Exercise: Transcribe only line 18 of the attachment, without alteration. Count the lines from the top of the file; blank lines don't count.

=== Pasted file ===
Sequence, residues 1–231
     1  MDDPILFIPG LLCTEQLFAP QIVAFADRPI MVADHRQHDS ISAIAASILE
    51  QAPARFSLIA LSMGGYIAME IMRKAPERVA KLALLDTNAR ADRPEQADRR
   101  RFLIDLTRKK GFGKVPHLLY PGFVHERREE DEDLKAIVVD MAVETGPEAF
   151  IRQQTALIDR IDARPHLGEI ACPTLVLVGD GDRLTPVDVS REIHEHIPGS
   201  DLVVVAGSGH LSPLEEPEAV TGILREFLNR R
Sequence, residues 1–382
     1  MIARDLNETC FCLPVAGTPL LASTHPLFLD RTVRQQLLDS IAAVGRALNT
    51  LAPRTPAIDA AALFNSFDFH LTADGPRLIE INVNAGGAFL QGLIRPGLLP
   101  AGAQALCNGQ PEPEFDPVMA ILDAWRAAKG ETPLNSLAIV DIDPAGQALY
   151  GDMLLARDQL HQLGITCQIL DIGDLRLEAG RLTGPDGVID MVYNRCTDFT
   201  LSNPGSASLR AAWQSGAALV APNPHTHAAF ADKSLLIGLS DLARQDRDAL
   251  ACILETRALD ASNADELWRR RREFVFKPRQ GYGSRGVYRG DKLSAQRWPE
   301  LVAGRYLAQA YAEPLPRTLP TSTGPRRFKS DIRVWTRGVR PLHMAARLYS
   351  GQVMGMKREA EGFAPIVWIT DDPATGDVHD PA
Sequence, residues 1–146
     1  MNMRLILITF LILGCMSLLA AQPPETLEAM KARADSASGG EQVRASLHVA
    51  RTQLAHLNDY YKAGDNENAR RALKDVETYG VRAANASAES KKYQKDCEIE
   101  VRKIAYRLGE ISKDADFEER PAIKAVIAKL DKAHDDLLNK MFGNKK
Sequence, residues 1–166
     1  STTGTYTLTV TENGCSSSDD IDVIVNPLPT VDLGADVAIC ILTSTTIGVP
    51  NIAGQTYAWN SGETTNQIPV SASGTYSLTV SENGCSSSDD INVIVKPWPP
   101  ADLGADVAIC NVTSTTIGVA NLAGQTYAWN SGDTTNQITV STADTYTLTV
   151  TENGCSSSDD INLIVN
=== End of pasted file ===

    51  RTQLAHLNDY YKAGDNENAR RALKDVETYG VRAANASAES KKYQKDCEIE